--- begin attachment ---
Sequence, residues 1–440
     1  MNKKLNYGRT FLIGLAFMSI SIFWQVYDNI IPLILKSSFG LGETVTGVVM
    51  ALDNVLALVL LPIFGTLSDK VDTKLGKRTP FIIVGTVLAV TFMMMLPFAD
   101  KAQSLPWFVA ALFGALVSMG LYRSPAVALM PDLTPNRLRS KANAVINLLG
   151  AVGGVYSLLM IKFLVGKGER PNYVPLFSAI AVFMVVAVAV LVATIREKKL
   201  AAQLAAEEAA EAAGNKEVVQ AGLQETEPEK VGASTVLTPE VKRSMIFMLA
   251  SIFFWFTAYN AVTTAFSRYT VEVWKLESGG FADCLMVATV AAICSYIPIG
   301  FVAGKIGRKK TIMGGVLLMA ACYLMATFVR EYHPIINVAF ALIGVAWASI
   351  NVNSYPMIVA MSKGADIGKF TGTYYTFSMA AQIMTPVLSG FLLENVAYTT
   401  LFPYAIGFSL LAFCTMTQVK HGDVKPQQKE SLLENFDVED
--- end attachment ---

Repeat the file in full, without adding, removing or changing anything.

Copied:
Sequence, residues 1–440
     1  MNKKLNYGRT FLIGLAFMSI SIFWQVYDNI IPLILKSSFG LGETVTGVVM
    51  ALDNVLALVL LPIFGTLSDK VDTKLGKRTP FIIVGTVLAV TFMMMLPFAD
   101  KAQSLPWFVA ALFGALVSMG LYRSPAVALM PDLTPNRLRS KANAVINLLG
   151  AVGGVYSLLM IKFLVGKGER PNYVPLFSAI AVFMVVAVAV LVATIREKKL
   201  AAQLAAEEAA EAAGNKEVVQ AGLQETEPEK VGASTVLTPE VKRSMIFMLA
   251  SIFFWFTAYN AVTTAFSRYT VEVWKLESGG FADCLMVATV AAICSYIPIG
   301  FVAGKIGRKK TIMGGVLLMA ACYLMATFVR EYHPIINVAF ALIGVAWASI
   351  NVNSYPMIVA MSKGADIGKF TGTYYTFSMA AQIMTPVLSG FLLENVAYTT
   401  LFPYAIGFSL LAFCTMTQVK HGDVKPQQKE SLLENFDVED